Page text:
Additionally to these general characteristics, Marx in his ‘Critique of the Gotha Programme’has deigneated the general phases of a process of transition to socialism. In this he distinguished between a lower stage and a developed stage. During the former the means of production are socially owned but the means of subsistence are divided in two parts: one provided through non-market social channels and the other bought in the market. Thus, all the means and the outcome of social production have been socialised directly, with the exception of labour-power. At this stage immediate producers do not contribute collectively their labour-power but exchange it individually and privately. Therefore, the labour-power -and consequently a part of the means of subsistence that enter the private consumption of immediate producers -is a commodity. So a market exists at the lower stage but this operates on a non-exploitative basis (i.e. without the use of wage-labour and on the basis of exchange equivalence). In this case all productive forces are directly socialised, with the exception of labour-power. The renumeration of labour follows a form of the law of value -exchange equivalence according to labour effort -but this is purged from relations of capitalist exploitation and its subsequent derivatives (general rate of profit, production prices etc.). In popular terms, every immediate producer contributes to social production according to his abilities and receives an equal part of the social product.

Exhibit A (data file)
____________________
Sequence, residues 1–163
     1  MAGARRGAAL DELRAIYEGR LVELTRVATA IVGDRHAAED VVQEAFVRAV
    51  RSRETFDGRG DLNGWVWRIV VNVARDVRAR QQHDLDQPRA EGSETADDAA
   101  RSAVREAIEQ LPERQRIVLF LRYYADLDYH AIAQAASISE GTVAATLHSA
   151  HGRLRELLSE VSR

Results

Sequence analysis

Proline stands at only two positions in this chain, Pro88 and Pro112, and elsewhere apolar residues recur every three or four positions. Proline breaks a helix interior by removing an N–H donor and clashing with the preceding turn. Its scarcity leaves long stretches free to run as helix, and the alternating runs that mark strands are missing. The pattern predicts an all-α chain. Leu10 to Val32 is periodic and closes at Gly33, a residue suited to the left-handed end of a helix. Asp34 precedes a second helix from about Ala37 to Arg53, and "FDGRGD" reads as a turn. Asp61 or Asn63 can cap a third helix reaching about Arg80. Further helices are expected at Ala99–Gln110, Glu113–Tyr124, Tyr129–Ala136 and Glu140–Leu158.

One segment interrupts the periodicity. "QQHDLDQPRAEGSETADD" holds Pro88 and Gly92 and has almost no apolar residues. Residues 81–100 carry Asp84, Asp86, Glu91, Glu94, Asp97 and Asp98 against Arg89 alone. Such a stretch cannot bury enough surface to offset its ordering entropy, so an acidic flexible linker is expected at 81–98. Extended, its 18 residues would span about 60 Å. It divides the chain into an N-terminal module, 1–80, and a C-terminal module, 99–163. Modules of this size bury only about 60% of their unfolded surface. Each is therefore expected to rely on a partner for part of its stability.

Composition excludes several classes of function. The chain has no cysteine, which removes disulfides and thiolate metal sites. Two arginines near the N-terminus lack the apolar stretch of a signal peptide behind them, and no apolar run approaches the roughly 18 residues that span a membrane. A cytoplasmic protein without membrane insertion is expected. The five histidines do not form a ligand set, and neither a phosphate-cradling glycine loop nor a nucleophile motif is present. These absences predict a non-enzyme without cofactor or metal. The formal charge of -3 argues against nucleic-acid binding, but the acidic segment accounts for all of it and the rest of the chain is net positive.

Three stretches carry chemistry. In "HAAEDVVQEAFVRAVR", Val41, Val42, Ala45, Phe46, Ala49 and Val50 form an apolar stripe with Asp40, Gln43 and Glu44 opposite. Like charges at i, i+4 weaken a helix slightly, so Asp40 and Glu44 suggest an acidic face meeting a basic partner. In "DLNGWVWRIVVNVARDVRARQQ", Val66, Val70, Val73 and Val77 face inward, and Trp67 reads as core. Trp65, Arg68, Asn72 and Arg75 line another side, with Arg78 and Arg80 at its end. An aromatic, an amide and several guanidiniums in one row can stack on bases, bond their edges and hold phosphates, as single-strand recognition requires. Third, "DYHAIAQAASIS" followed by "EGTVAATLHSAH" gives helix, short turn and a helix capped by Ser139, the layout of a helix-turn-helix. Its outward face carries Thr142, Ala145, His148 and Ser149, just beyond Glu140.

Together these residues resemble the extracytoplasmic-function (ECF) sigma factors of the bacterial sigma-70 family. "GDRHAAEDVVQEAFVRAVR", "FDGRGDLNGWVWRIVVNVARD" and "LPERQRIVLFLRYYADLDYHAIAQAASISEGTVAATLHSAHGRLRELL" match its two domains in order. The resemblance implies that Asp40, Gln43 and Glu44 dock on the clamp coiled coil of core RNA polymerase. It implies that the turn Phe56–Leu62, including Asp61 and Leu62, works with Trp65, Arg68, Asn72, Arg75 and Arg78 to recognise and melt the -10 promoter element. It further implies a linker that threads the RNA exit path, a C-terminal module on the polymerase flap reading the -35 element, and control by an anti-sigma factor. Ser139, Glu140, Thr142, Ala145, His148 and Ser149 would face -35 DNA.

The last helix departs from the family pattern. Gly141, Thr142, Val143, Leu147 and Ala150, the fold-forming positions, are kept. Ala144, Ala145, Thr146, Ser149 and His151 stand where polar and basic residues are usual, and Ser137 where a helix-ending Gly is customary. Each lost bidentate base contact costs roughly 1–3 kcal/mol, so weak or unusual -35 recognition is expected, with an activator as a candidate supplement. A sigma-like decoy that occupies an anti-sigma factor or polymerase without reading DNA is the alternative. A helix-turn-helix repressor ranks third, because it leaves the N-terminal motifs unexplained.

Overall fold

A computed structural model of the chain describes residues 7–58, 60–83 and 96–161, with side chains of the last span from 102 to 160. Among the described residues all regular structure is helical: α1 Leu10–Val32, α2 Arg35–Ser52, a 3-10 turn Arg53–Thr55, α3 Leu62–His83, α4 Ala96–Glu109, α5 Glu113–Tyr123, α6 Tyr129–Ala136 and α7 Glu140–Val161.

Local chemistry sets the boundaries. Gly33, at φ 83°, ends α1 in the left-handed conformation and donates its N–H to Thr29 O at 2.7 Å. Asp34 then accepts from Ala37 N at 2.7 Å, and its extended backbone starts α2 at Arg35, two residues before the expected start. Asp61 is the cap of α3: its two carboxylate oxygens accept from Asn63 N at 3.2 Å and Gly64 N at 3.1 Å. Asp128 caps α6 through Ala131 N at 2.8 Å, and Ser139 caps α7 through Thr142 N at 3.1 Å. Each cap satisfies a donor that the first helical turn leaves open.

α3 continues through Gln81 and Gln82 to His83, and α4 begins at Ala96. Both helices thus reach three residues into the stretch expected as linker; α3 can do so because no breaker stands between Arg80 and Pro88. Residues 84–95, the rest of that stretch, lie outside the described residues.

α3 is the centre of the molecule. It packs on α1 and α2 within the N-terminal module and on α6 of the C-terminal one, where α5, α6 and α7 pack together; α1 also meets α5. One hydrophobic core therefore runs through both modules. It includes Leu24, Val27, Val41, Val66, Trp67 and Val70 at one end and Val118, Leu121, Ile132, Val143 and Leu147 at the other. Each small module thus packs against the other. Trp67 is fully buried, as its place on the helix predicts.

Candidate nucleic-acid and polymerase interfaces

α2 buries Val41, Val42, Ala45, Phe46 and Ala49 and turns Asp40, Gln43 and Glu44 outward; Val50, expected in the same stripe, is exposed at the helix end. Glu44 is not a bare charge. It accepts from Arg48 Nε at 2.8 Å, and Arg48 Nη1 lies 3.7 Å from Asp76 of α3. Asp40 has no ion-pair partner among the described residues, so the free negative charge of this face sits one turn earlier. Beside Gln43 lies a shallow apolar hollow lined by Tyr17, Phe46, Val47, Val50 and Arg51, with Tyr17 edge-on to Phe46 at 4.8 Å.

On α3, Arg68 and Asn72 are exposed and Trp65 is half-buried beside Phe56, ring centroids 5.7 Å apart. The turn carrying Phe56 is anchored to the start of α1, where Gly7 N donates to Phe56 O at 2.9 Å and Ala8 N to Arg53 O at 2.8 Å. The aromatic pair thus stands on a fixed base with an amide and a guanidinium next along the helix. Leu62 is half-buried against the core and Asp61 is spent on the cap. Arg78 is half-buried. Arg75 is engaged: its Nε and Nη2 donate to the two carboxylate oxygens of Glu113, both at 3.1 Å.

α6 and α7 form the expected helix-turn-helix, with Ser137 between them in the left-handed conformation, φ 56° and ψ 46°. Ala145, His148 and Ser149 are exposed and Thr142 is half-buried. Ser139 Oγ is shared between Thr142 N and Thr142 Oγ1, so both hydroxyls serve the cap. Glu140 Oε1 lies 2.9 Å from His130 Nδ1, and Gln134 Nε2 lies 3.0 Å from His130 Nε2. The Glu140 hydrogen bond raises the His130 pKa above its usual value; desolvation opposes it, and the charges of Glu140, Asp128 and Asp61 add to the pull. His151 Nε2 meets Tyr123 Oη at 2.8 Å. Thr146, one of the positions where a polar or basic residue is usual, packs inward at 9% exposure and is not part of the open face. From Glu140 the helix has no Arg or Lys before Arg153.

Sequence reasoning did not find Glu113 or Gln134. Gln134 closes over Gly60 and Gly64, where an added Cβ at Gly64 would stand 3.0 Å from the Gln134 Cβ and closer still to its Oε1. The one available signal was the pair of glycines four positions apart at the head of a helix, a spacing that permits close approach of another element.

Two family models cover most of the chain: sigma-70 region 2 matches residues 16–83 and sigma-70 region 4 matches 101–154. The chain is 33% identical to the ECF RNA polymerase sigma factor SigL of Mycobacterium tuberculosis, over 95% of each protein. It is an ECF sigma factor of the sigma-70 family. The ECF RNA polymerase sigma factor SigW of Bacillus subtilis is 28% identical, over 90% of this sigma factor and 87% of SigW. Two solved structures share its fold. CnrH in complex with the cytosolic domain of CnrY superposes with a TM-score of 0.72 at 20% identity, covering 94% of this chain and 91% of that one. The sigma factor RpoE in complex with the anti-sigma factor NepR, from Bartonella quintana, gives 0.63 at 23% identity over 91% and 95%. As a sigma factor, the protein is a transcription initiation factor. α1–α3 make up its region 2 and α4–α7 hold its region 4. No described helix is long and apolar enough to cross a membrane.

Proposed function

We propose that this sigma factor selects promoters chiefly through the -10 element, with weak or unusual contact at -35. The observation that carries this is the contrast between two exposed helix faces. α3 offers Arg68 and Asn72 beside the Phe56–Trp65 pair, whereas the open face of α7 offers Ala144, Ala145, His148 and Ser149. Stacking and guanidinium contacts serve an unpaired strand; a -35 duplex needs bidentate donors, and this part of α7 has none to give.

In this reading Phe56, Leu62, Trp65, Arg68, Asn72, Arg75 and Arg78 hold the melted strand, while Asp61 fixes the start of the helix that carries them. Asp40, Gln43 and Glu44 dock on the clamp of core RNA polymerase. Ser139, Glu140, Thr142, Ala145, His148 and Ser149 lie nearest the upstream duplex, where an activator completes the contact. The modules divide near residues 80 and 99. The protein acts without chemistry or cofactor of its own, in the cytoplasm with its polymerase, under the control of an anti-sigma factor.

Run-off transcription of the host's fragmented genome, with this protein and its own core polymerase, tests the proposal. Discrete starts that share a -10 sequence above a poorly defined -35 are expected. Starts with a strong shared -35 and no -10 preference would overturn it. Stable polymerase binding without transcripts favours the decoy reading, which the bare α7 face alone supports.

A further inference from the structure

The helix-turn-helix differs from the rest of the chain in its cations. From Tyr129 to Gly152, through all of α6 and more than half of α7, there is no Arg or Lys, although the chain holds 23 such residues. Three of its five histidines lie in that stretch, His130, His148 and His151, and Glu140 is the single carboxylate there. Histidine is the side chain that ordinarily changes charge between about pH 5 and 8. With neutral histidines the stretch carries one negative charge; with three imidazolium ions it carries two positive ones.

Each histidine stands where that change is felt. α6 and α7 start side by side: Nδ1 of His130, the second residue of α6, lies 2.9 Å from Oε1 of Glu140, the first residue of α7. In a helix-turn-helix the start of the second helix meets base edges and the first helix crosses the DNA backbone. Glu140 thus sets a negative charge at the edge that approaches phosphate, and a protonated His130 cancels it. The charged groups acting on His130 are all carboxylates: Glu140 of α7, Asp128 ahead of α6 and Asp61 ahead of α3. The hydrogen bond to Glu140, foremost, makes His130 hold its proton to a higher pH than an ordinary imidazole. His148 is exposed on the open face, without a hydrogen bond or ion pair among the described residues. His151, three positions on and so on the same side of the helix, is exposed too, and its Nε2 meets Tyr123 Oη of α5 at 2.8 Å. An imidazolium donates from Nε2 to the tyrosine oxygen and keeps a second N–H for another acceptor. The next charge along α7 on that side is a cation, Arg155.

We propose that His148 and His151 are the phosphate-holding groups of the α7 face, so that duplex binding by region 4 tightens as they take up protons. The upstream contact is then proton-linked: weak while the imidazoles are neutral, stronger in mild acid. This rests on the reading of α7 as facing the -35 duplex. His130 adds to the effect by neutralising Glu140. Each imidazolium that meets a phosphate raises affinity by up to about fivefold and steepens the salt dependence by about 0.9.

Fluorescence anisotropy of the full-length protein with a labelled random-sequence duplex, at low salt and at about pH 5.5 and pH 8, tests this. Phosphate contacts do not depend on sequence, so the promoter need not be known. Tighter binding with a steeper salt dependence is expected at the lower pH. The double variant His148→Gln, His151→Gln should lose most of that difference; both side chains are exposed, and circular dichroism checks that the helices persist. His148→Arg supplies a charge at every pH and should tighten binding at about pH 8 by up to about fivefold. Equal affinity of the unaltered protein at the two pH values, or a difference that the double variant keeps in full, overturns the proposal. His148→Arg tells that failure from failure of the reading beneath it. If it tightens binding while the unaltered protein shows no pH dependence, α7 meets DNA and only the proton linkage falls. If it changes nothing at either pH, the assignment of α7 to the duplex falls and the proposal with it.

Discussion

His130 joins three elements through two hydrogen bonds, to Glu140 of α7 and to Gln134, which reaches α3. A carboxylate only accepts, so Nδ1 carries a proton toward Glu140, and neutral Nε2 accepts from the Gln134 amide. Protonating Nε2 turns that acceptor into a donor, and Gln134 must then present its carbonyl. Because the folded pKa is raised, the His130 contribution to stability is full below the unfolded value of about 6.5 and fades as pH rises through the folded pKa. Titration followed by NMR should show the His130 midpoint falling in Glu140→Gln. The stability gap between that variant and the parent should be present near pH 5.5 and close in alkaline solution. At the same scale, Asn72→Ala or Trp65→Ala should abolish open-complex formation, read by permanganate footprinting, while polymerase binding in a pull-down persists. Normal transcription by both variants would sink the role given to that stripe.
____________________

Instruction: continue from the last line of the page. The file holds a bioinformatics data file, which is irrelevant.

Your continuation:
In the developed stage -communism -labour-power is also directly socialised and therefore means of private consumption are being allocated through non-market channels and without following exchange equivalence. The abovementioned general characteristics of the socialist m.o.p. are fully developed at this stage, market is totally extinguished and social plan is the regulator of social production and income distribution.

The Marxian general elaborations have provided a framework but they do not have closed the question about the specific relations pertaining to socialism. As theory -and the labour movement’s social praxis and historical experience -advanced, the question re-appeared with new characteristics each time.

A number of possible answers to the plan-market riddle in socialism has appeared in the literature. A once very popular thesis was that market relations are just a left-over of the capitalist past, it has no organic relation to the set of social relations of production pertaining to socialism and they, therefore, should be -more or less gradually -eliminated. Another position -popular, during the last phases of the so-called socialist countries, both within govermental and oppositional circles -was that market relations are integral part of any viable socio-economic system. Hence market or quasi-market relations are necessary for socialism. Models of Socialist market or Market socialism are the outcome of this approach. Finally, a different line of approach argues that socialism passes through different stages and the plan-market relation is contradictory but also dynamic. This approach follows Marx’s Critique of the Gotha Programme distinction. However, its different trends have to answer -and indeed differ on that -whether a developed socialist economy has a place for market.

Artículo completo en pdf: The plan vs. market controversy in the Marxist tradition

Categorías:Economía marxista